After reaching an all-time high in March 2022, the FAO Food Price Index, which tracks monthly changes in the international prices of a basket of commonly traded food commodities, eased 2.3% month-on-month in June this year, but remains 23.1% higher year-on-year.
According to a Bloomberg article on whether inflation is reaching its peak, a JP Morgan agricultural commodities index experienced a 10% decline in early July, “thanks especially to a correction lower in wheat prices”.
In recent analysis, Morgan Stanley Research attributes the decline in food prices to, among those factors, an expected increased output by farmers, weather normalisation and the potential for easing of tensions between Russia and Ukraine.
It says that although inflation is still running high, food prices – which increased 65% globally over the last two years – are likely to peak this year and begin declining in 2023.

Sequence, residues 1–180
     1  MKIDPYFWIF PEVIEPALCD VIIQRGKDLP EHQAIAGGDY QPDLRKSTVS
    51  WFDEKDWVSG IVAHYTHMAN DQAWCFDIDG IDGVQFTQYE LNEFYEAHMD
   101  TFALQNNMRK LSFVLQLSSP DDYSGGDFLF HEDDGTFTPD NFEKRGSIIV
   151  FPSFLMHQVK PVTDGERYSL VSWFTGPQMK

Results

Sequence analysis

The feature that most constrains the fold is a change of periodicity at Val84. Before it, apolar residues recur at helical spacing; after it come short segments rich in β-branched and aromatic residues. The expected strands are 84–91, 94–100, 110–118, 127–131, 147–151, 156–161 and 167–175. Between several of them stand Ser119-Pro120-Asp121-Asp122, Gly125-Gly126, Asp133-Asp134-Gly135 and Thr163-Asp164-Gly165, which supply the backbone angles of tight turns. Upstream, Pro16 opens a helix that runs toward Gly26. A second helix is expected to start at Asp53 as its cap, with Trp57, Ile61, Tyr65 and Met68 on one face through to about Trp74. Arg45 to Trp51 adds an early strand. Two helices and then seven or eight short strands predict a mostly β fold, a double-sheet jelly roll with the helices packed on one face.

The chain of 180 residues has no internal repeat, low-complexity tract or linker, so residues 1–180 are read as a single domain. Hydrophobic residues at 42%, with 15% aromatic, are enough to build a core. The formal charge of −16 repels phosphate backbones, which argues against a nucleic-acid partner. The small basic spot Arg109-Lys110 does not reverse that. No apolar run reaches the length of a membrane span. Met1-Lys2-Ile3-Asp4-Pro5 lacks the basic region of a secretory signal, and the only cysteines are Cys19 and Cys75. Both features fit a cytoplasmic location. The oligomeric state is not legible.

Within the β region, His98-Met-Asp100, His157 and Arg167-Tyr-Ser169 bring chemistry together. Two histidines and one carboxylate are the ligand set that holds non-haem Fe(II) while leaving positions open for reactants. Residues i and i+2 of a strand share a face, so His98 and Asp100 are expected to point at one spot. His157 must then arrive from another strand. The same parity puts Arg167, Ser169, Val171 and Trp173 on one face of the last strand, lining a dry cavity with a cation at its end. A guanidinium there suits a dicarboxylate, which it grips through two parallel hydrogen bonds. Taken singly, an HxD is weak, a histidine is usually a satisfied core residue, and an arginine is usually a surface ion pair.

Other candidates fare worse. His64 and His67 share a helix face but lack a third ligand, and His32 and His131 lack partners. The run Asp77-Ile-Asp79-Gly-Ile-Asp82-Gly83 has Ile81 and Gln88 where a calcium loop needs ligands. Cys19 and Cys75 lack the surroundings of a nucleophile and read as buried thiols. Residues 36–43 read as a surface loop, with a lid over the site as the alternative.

Though perhaps overly optimistic on a likely easing in Russia-Ukraine tensions, the other fundamental improvements in global agricultural production are encouraging and could have a material impact on broader global economic outlook by minimising the impact of high food prices on private consumption.
Says Morgan Stanley’s research team: “When consumers pay more for food, they spend less on other discretionary items, which has serious implications for the global economic recovery.
“In the US, for instance, Morgan Stanley estimates that there is a 1% drop in private consumption a year after a 20% supply driven increase in food price, with a significant impact to spending on motor vehicles.
“In emerging markets, the effect of persistent high food prices on overall spending is even more pronounced.”